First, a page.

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Column: The Rewards of Travel



For the Valley News
Saturday, August 12, 2017

For all their love of home, people in the Upper Valley have an insatiable thirst for new and different places. Ponder: How many small communities in the world boast residents as well-traveled as this agglomeration of small Northern New England towns? Around here, it seems, professors, camp counselors, baristas, retired teachers, deli counter workers and doctors are always going somewhere: Colorado, the Long Trail, Jamaica, Brittany, Africa, Budapest. All go for different reasons, all seek different things, but, whether they articulate it or not, everyone is searching for Routine’s Kryptonite: a change of pace.

When I lived in Burgundy, France, I learned a delightful little phrase for travel: “On va se changer les idées,” people would say, before going to the Alps or on a cruise. Technically, it means to take your mind off things, or clear your head. But I like the literal: “We’re going to switch up our ideas a bit.”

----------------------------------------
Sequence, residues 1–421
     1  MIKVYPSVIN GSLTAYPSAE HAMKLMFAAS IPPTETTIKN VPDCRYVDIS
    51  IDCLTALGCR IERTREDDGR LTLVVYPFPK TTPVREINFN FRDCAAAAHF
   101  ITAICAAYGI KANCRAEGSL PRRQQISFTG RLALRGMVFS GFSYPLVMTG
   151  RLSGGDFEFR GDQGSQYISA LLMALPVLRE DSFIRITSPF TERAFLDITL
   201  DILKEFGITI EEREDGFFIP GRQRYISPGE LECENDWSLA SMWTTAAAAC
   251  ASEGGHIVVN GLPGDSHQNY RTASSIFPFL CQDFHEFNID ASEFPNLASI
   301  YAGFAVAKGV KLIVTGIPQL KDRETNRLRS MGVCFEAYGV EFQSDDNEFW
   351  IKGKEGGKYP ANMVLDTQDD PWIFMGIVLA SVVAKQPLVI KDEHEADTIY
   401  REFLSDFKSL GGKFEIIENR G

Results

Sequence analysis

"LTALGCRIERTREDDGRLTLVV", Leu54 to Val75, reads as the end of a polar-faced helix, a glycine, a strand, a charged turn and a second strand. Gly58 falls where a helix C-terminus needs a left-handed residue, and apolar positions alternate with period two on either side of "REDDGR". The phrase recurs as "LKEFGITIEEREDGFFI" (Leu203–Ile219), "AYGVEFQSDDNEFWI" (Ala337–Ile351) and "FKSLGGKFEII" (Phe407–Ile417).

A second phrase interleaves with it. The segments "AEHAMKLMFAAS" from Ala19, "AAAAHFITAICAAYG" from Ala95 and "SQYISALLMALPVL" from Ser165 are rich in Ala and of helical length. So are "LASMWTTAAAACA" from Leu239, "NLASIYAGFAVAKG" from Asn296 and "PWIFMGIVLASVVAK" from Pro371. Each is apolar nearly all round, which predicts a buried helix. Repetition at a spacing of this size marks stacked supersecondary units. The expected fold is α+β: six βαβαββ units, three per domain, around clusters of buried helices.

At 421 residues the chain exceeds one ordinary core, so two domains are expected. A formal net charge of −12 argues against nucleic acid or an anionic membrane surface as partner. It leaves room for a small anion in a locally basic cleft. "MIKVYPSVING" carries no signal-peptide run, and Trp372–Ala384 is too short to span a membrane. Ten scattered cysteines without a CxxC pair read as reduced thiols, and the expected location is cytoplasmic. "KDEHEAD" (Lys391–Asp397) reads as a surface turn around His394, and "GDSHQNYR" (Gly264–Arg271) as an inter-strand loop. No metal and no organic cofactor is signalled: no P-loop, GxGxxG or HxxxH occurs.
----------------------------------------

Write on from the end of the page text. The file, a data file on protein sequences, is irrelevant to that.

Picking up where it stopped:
Overall, my travel attitude (travel-tude?) is that jet lag, questionable street food and Turkish toilets make you stronger. While I may not be the world’s biggest adventurer — I love going back to the same places over and over again, and the tonic of the day trip is one of the best therapies I know — I am always grateful for a change of scenery, like a splash of Old Spice for my soul.

 When it comes to writing about travel, I won’t waste your time here trying to better Theroux (much less Thoreau). Nor will I pretend to have a keener eye than Hemingway. And, Lord, I know that Eugene Fodor, Rick Steves, Karl Baedeker, Arthur Frommer and The Frugal Traveler have all captured the glory and excitement of travel in manners far superior to what I can muster here.

 Nevertheless, I feel compelled to write about it today because, over the past few months, I’ve been fortunate to travel a fair bit. I cannot seem to shake my experiences; they linger, clinging to me like a cobweb.